Communication Aids14th December 2014

Speech to Text Widely Available

Easy to Use Speech to Text software comes as standard with the Apple Mac.

by Sarah Lawrence

The pursuit of good speech to text technology has been going on for many years. By and large, the driver for this research and innovation is the cost of having someone present at a meeting to take down an accurate record of what was said. Compared with the human cost of making these records, the computer software out there is a fraction of the expense.

Like a lot of today’s communication technology, speech to text has not been designed to help deaf people specifically, but inadvertently, it can be a solution in some situations. However, it seems that a lot of deaf people don’t know how readily available it is, and employers, colleges, and others don’t understand how helpful it can be.

Whilst small companies have been developing software for a long time and bringing their products to market, the big tech boys like Apple and Google have also been investing heavily in developing their speech to text capability. What that means is that many of us will have speech to text readily available to us on our phone, tablet or computer without paying an extra penny to buy a specific package.

I talked to my colleague about testing it out during a training event the other day and the outcome was pretty impressive.

For our experiment, we were using an Apple Macbook Pro, but rather than using a proper plug in microphone, we were just using the headphones that come as standard with an iPhone, the microphone, being a tiny one designed only for the wearer of the headphones to use whilst on the phone.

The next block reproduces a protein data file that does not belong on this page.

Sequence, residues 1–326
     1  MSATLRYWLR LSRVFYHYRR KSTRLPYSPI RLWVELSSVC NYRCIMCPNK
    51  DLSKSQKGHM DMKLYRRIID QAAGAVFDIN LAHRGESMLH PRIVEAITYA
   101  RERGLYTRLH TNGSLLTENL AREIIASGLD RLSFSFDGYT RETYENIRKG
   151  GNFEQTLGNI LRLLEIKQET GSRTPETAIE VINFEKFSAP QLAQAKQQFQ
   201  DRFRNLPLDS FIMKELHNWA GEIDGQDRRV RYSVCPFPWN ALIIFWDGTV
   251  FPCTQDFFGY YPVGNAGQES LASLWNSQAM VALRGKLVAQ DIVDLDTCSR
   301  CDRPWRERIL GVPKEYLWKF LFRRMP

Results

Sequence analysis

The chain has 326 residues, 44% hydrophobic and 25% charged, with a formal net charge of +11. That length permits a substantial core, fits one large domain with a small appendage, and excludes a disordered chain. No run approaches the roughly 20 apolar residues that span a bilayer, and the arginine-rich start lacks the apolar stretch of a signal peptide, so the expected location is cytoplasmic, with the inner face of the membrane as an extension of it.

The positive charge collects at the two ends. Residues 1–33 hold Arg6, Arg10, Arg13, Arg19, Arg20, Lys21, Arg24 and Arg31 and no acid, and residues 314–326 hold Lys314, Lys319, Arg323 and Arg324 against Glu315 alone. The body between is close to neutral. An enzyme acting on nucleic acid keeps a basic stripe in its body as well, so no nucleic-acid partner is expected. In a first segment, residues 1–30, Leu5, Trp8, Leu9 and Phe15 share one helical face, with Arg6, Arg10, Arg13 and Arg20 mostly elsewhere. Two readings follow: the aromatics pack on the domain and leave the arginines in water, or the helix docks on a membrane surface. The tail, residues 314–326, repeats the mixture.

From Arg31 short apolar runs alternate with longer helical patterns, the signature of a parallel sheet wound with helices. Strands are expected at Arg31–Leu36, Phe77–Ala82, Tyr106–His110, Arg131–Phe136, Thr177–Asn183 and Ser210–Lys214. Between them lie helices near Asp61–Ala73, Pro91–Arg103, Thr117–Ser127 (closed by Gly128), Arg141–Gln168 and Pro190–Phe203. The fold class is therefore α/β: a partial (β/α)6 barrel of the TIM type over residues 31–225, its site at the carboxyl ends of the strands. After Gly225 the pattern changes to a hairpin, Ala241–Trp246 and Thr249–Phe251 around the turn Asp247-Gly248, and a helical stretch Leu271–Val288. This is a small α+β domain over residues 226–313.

Our test was going to be used in a training room with 12 attendees, with the headphones placed on a table at the back of the room. Using a Word document, my colleague opened up the Dictaphone software that comes as standard with the Apple Mac. To show it is active a small purple microphone appears at the side of the word document and as it picks up sound, it shows that through the colouring of the microphone symbol.

When first switched on, the computer was slow to recognise speech and the computer frantically changed text until something close to decent grammar appeared in our word document. Typing out text in close to real time, the speech recognition slowly improved, so that accuracy and speed improved quite quickly.

Despite this being a difficult test, with twelve different people talking and only intermittent speech because it was a Deaf Awareness session, our record of what was being said continued to grow throughout the session. We weren’t using the technology fully by telling it when to type a comma, full stop or start a new paragraph, which is easily used when using the Dictaphone properly, we were simply seeing if it gave me something to read at the end of the session that reflected what had been said.

Towards the end of the session, one of the delegates asked where there was technology that could be used if an interpreter could not be found. After all, in the work place not every meeting can be planned well in advance.

I took that opportunity to show them our experiment, and I was stunned to see over 10 pages of text. It wasn’t perfect, but as I read through some of it, I could clearly recognise what was said at different points, matching the record with what my interpreter had been signing to me. With a good microphone, I imagine the results would have been even more impressive.

Readily available and provided as a free application, I would encourage all deaf people to have a look at this type of facility if they are involved in conversations which they have difficulty following. It is not a perfect transcript of what was said, but I am expecting this technology to continue to improve as the big technology continue to invest in its development.

Article by Sarah Lawrence

posted in Technology / Communication Aids

14th December 2014